“It’s certainly possible that Trump may emerge from this better than many anticipated. However! Consensus has been that Mueller would follow DOJ rules and not indict a sitting president. I.e. it’s also possible his report could be very bad for Trump, despite ‘no more indictments,'” concluded Mark Follman, national affairs editor at Mother Jones, who presumably, and very sadly, was not being facetious.

Revered news organs were quick to artfully modify their expectations regarding Mueller’s findings.

“What is collusion and why is Robert Mueller unlikely to mention it in his report on Trump and Russia?” a Newsweek headline asked following Friday’s tragic announcement.

Three months earlier, Newsweek had meticulously documented all the terrible “collusion” committed by Donald Trump and his inner circle.

But perhaps the most sobering reactions to the no-indictment news came from those who seemed completely unfazed by the fact that Mueller’s investigation, aimed at uncovering a criminal conspiracy between Trump and the Kremlin, ended without digging up a single case of “collusion.”

The denials, evasions and bizarre hot takes are made even more poignant by the fact that just days ago, there was still serious talk about Trump’s entire family being hauled off to prison.

“You can’t blame MSNBC viewers for being confused. They largely kept dissenters from their Trump/Russia spy tale off the air for 2 years. As recently as 2 weeks ago, they had @JohnBrennan strongly suggesting Mueller would indict Trump family members on collusion as his last act,” journalist Glenn Greenwald tweeted.

While the Mueller report has yet to be released to the public, the lack of indictments makes it clear that whatever was found, nothing came close to the vast criminal conspiracy alleged by virtually the entire American media establishment.

“You have been lied to for 2 years by the MSM. No Russian collusion by Trump or anyone else. Who lied? Head of the CIA, NSA,FBI,DOJ, every pundit every anchor. All lies,” wrote conservative activist Chuck Woolery.

Internet mogul Kim Dotcom was more blunt, but said it all: “Mueller – The name that ended all mainstream media credibility.”

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Canadian Lawmaker Accuses Trudeau Of Being A “Fake Feminist” (Video)

Rempel segued to Trudeau’s push to quash an investigation into allegations that he once groped a young journalist early in his political career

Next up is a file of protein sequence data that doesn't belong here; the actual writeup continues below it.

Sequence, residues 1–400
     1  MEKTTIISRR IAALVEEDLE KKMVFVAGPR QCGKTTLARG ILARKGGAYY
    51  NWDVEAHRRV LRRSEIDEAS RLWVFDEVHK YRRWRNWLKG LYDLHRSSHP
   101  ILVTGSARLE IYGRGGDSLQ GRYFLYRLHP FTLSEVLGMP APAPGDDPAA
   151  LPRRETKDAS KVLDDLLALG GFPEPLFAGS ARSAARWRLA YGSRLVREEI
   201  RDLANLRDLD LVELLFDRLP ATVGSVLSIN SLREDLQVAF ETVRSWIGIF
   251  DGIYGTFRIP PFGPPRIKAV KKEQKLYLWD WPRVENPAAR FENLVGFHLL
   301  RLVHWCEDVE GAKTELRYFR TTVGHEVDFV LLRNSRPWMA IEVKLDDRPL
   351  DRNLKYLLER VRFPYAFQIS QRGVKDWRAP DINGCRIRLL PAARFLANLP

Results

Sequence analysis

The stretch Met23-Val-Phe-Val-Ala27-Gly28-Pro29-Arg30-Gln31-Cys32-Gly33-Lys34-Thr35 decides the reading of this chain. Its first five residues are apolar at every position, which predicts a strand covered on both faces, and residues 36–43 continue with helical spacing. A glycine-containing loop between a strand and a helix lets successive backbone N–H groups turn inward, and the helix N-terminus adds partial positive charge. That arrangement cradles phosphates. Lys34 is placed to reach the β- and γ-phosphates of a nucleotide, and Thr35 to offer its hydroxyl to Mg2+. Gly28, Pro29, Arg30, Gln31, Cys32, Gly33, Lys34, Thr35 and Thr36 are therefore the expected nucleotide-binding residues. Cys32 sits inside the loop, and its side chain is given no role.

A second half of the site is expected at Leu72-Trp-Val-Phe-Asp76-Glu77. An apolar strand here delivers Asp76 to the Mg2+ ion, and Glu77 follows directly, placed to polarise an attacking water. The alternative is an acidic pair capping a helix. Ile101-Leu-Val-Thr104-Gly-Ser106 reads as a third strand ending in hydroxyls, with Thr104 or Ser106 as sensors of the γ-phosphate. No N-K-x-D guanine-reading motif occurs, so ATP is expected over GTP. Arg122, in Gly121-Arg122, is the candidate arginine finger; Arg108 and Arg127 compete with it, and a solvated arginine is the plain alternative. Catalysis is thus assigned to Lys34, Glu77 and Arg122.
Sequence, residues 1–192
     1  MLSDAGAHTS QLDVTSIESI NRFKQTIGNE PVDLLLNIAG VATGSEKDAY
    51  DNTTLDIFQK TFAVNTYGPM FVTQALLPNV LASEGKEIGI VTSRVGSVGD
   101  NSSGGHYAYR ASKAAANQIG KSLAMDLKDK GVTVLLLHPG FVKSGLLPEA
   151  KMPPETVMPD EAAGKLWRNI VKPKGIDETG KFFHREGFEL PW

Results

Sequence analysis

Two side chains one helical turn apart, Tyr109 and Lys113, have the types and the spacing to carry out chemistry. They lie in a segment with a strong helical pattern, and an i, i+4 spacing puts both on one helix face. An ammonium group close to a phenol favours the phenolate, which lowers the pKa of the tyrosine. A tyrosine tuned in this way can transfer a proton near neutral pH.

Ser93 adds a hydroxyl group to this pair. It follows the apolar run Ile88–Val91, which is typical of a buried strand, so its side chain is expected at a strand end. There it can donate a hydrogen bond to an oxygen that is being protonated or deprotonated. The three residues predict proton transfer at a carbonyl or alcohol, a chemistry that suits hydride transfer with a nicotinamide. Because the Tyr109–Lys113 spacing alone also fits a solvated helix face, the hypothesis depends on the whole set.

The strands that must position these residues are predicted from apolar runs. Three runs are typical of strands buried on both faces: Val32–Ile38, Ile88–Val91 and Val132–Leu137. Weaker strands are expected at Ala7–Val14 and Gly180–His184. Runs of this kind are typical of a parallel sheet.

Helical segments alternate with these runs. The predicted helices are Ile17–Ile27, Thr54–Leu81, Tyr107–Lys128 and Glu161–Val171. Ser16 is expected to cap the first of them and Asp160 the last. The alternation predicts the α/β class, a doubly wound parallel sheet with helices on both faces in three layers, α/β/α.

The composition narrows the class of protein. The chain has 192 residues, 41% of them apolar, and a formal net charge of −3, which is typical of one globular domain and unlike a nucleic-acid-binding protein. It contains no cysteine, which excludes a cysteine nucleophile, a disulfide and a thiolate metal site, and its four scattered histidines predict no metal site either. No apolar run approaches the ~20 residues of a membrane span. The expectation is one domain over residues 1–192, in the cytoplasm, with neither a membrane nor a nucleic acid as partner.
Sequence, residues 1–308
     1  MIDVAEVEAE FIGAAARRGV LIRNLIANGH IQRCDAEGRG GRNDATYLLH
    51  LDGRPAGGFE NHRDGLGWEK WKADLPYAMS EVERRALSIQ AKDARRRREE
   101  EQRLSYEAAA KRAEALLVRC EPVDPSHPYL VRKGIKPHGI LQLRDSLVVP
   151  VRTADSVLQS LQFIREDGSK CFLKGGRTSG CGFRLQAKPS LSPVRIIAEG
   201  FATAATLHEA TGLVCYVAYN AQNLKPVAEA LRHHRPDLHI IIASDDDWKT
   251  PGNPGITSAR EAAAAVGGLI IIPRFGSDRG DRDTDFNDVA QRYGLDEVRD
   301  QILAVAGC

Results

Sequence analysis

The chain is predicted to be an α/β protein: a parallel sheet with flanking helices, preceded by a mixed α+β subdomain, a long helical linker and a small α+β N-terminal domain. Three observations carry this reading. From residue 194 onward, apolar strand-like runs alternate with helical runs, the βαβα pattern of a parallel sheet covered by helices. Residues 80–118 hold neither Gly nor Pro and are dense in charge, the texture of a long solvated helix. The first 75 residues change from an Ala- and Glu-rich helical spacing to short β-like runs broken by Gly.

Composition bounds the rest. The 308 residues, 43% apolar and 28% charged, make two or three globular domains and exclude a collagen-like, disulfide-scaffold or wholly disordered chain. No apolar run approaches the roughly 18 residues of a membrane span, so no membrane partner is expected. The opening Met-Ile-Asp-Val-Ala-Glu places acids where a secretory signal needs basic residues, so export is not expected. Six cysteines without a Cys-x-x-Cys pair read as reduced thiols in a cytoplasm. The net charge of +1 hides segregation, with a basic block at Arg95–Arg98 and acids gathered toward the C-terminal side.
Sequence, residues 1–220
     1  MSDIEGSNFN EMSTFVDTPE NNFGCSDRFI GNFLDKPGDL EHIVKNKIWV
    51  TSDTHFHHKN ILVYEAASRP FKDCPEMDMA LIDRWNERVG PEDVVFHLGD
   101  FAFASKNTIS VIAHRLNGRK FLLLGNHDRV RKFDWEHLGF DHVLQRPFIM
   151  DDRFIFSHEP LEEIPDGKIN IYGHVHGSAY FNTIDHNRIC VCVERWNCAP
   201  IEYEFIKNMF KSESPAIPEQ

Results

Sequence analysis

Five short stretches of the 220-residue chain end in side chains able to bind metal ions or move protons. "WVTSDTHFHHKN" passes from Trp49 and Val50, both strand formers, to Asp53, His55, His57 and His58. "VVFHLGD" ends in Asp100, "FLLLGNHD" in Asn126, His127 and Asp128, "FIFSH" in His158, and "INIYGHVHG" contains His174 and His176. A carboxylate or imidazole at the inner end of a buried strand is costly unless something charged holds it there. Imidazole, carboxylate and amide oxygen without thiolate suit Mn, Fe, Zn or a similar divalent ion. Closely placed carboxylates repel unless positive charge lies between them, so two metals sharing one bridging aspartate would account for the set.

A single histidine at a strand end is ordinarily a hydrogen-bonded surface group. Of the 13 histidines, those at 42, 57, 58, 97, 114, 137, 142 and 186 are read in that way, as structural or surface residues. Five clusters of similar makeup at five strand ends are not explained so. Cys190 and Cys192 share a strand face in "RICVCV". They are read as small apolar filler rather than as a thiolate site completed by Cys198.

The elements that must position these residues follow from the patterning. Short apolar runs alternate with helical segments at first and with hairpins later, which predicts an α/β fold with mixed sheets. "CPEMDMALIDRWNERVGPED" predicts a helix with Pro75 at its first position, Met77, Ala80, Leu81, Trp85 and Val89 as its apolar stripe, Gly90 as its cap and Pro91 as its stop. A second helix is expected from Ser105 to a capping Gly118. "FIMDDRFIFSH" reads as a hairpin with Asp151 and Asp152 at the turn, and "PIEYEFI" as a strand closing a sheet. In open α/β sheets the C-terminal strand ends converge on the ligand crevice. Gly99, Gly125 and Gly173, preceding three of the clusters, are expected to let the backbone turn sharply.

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Via Zerohedge

Canada’s feminist-in-chief Justin Trudeau wants to support and empower women…but his support stops at the point where said women start creating problems for his political agenda.

That was the criticism levied against the prime minister on Friday by a conservative lawmaker, who took the PM to task for “muzzling strong, principled women” during a debate in the House of Commons.

“He asked for strong women, and this is what they look like!” said conservative MP Michelle Rempel, referring to the former justice minister and attorney general Jody Wilson-Raybould, who has accused Trudeau and his cronies of pushing her out of the cabinet after she refused to grant a deferred prosecution agreement to a Quebec-based engineering firm.

She then accused Trudeau of being a “fake feminist”.

“That’s not what a feminist looks like…Every day that he refuses to allow the attorney general to testify and tell her story is another day he’s a fake feminist!”

Trudeau was so taken aback by Rempel’s tirade, that he apparently forgot which language he should respond in.

But Rempel wasn’t finished. She then segued to Trudeau’s push to quash an investigation into allegations that he once groped a young journalist early in his political career. This from a man who once objected to the continued use of the word “mankind” (suggesting we use “peoplekind” instead).

The conservative opposition then tried to summon Wilson-Raybould to appear before the Commons for another hearing (during her last appearance, she shared her account of how the PM and employees in the PM’s office and privy council barraged her with demands that she quash the government’s pursuit of SNC-Lavalin over charges that the firm bribed Libyan government officials). Wilson-Raybould left the Trudeau cabinet after she was abruptly moved to a different ministerial post – a move that was widely seen as a demotion.

Trudeau has acknowledged that he put in a good word on the firm’s behalf with Wilson-Raybould, but insists that he always maintained the final decision on the case was hers and hers alone.

Fortunately for Canadians who agree with Rempel, it’s very possible that Trudeau – who has so far resisted calls to resign – won’t be in power much longer, as the scandal has cost Trudeau’s liberals the lead in the polls for the October election.